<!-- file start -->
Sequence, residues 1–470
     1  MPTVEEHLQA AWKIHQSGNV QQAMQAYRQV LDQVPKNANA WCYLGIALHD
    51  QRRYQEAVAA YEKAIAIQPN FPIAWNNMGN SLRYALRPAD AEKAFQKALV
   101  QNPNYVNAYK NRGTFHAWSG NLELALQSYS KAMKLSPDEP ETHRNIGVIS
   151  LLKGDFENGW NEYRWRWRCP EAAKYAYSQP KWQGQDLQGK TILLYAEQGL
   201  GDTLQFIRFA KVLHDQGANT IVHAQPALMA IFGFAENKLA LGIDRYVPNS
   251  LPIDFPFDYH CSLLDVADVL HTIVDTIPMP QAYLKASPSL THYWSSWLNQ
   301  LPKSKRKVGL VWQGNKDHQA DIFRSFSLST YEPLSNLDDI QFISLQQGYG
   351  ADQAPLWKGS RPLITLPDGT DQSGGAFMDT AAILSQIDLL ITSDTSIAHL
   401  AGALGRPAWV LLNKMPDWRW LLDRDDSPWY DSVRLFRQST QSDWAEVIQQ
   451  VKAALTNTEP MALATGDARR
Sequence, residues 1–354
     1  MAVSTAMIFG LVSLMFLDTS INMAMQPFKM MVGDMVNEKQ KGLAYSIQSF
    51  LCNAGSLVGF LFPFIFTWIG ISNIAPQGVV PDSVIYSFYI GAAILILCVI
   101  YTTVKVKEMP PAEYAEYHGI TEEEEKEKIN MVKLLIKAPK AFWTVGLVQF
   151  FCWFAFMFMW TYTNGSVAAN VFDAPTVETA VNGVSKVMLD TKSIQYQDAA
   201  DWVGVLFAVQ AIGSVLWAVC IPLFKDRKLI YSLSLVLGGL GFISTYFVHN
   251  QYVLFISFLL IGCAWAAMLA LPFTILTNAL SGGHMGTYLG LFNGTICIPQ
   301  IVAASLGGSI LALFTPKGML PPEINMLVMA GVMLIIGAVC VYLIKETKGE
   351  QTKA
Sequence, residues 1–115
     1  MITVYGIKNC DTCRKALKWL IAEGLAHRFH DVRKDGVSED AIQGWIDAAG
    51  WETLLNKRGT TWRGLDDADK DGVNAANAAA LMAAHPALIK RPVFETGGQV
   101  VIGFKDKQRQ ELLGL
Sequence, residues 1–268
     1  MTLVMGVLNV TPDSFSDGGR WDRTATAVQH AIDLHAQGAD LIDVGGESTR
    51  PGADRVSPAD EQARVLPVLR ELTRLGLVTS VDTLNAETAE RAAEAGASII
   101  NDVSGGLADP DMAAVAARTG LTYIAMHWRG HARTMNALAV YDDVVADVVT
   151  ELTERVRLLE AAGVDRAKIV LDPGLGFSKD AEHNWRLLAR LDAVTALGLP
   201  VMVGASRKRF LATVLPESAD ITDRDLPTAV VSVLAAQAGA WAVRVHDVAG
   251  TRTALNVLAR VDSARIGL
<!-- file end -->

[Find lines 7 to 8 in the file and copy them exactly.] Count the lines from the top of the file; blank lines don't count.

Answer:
   251  LPIDFPFDYH CSLLDVADVL HTIVDTIPMP QAYLKASPSL THYWSSWLNQ
   301  LPKSKRKVGL VWQGNKDHQA DIFRSFSLST YEPLSNLDDI QFISLQQGYG